A day after the government made out a strong case for some supportive steps from the Reserve Bank of India (RBI) to bring back some serious growth energy into the economy, a cautious RBI Governor Duvvuri Subbarao decided to send out a strong signal that the central bank will likely do so, but not right now.
The government—and corporate India—will have to wait just a bit longer, until January, when the RBI will take a serious look at the growth-inflation dynamic with a view to spurring growth and introducing steps for monetary easing.
That was the singular message sent out from RBI's Mint Road headquarters today, when the RBI unveiled its mid-quarter Monetary Policy review.
There was one big surprise though: while few expected a rate cut right now, there were expectations of a cut in cash reserve ratio (CRR) to ease liquidity further. But even that did not happen. It was total status quo from RBI, indicating that the January policy review will be crucial.
The painful wait for New Delhi is significant since the mid-year economic analysis unveiled by the government on 17 November scaled down growth projections for FY2013 to between 5.7 percent and 5.9 percent, much lower than the hugely optimistic—almost unrealistic—projection of 7.6 percent budgeted at the beginning of the fiscal.
The revised figure is far lower, but marginally higher than the 5.4 percent average of the first two quarters of the current fiscal, suggesting the government hopes growth to pick up in the two remaining quarters to about 6 percent.
The RBI's biggest challenge, inflation, has been easing marginally. As the central bank points out in its mid-quarter review, headline WPI inflation edged down to 7.2 percent in November, “mainly owing to softening of prices of vegetables, minerals and fuel”. On the other hand, prices of cereals and protein-based items such as eggs, fish and meat firmed up further. "Significantly, core (non-food manufactured products) inflation eased, aided by decline in prices of metals, cement and chemicals.”
But retail inflation remained elevated even in November, reflecting what RBI calls “sustained food inflation pressures, particularly in respect of vegetables, cereals, pulses, oils and fats. The non-food component of the index also suggested persistent inflationary pressures.”
Sections of economists are supporting the RBI's status quo stand for now. “RBI has very objectively preferred to maintain status quo. Even as WPI has corrected lower, there is a clear discomfort with the CPI (retail) inflation. RBI could be more concerned with the fiscal- and current account deficits and correction in these areas remain crucial for RBI to exhibit comfort in the lower inflation bias,” said Indranil Pan, chief economist at Kotak Mahindra Bank.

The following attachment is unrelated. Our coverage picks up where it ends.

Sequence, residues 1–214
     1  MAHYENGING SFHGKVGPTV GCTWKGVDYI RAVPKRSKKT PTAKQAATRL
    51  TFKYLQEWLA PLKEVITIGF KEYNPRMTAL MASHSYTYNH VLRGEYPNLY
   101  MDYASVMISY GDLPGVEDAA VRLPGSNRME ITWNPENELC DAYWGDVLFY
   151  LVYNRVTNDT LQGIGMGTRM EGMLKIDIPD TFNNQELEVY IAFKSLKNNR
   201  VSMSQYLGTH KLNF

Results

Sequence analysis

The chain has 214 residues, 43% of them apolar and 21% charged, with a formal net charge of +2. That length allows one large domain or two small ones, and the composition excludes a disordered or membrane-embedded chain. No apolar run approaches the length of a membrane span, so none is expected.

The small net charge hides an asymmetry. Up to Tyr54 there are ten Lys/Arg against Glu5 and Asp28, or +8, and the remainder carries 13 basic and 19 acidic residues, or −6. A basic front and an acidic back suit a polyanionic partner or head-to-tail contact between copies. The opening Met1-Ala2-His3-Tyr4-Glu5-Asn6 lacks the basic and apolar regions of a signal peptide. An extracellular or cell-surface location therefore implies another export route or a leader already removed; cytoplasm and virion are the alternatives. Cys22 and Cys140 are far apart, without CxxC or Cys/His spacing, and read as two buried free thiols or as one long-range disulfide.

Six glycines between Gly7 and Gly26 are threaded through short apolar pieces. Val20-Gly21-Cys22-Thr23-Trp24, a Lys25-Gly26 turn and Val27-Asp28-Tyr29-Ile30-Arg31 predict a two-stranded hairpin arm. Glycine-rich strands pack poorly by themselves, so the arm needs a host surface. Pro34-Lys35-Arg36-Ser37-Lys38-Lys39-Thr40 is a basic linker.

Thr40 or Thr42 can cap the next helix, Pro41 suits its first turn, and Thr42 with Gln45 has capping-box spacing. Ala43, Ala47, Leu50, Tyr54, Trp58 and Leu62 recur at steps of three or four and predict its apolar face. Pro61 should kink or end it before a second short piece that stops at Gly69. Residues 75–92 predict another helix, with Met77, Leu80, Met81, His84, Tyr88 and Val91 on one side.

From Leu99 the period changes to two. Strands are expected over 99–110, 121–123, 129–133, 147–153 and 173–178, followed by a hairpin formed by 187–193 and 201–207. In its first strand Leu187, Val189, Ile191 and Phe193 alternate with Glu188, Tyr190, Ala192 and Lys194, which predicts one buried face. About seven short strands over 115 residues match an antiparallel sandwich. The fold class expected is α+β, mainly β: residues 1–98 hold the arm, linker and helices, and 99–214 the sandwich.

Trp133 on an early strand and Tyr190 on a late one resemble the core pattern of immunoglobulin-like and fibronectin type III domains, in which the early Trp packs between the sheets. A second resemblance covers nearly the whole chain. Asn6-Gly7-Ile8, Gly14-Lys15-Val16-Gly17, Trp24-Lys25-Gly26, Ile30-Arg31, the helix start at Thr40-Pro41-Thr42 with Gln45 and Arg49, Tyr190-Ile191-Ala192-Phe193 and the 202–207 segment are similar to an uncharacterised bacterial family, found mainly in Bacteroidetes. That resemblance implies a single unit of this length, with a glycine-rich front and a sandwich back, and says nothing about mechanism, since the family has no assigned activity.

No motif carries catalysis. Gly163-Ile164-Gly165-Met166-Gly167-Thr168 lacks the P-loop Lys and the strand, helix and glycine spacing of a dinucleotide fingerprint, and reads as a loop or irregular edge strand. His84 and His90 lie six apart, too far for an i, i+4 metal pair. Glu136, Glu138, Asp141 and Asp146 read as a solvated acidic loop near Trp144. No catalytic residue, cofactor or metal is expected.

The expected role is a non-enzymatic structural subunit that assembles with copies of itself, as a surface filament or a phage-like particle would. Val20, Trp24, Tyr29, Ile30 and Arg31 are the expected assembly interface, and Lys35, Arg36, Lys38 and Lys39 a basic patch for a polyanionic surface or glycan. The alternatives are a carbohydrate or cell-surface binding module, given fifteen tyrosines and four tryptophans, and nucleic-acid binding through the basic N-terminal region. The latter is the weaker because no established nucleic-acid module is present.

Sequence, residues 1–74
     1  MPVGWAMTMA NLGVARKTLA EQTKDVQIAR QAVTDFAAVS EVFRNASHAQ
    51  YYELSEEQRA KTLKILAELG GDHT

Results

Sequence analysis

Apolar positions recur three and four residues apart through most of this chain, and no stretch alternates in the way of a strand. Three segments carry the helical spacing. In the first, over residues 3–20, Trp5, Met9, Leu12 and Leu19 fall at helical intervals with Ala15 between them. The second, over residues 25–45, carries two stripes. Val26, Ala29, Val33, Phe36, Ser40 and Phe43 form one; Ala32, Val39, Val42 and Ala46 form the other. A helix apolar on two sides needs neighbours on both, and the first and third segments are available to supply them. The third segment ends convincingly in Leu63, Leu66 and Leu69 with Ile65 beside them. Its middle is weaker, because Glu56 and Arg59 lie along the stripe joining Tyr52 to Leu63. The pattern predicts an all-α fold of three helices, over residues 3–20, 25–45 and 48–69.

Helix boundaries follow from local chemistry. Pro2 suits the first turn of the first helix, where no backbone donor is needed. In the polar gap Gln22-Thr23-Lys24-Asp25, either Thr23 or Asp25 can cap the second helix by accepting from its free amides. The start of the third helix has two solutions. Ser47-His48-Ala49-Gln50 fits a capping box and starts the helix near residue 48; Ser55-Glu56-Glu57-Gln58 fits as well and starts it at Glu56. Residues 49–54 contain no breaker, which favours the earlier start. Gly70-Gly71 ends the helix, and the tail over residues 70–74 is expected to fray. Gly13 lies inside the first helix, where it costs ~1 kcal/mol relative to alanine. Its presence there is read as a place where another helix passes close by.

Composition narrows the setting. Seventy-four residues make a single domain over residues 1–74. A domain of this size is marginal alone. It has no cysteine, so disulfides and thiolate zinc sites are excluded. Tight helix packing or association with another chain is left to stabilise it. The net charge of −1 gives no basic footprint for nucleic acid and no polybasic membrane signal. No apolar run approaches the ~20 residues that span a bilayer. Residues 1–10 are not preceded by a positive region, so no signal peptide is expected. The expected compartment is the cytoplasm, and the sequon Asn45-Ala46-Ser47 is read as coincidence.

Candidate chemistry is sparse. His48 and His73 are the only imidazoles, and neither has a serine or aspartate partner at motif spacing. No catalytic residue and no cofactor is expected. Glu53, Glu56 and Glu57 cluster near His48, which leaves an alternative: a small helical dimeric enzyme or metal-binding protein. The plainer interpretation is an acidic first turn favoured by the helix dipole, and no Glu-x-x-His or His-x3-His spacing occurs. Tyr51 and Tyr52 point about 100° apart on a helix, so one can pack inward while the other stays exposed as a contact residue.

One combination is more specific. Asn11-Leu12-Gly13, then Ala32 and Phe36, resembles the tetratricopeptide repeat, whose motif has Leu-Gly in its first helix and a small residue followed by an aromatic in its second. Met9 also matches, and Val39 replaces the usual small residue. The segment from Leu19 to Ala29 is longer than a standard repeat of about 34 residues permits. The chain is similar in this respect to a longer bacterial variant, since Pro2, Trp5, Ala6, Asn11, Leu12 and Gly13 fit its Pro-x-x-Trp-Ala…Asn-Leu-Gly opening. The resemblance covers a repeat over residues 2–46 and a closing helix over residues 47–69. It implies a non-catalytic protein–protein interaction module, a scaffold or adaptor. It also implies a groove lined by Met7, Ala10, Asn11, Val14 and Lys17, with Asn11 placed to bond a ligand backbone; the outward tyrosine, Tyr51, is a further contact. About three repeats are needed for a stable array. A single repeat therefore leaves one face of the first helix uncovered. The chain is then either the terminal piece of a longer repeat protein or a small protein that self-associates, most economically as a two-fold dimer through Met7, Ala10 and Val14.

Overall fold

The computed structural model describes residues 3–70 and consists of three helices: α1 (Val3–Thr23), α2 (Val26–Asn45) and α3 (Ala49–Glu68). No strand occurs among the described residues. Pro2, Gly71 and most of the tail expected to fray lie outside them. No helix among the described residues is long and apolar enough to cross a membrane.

However, in the clearest indication that the central bank is no longer as rigid on keeping inflation as its topmost priority and will support the government's pro-growth steps, the policy statement also points to the fact that headline inflation has been below RBI's projected levels over the past two months.
“The decline in core inflation has also been comforting. These emerging patterns reinforce the likelihood of steady moderation in inflation going into 2013-14, though inflation may edge higher over the next two months,” the central bank explains. In other words, while RBI does expect inflation to ease over the next fiscal, there is a possibility of a short-term spike.
But what could be music to the ears of both the finance minister and corporate India, RBI also adds that with inflation pressures ebbing, “monetary policy has to increasingly shift focus and respond to the threats to growth from this point onwards.”
More importantly, it says: "Liquidity conditions will be managed with a view to supporting growth as stated in the SQR (second quarter review), thereby preparing the ground for further shifting the policy stance to support growth.”
Overall, recent inflation patterns and projections provide a basis for reinforcing our October guidance about policy easing in the fourth quarter, the RBI said.
There's the obvious caveat, though: "However, risks to inflation remain and accordingly, even as the policy emphasis shifts towards growth, the policy stance will remain sensitive to these risks."
Though there will be some immediate howls of protest that the governor didn't even do anything on CRR, the RBI's words of comfort on a more-than-likely policy easing come January should provide relief to a corporate sector clamouring for rate cuts since long.
Significantly, despite the lack of action from RBI's end, the BSE Sensex remained flattish and didn't show any panic or downturn after the statement from RBI was made public.
For Finance Minister Palaniappan Chidambaram despite the long wait for a push from RBI's end, the latest policy statement could signal that in January, New Delhi and Mint Road may finally end up on the same page on how to steer the economy forward.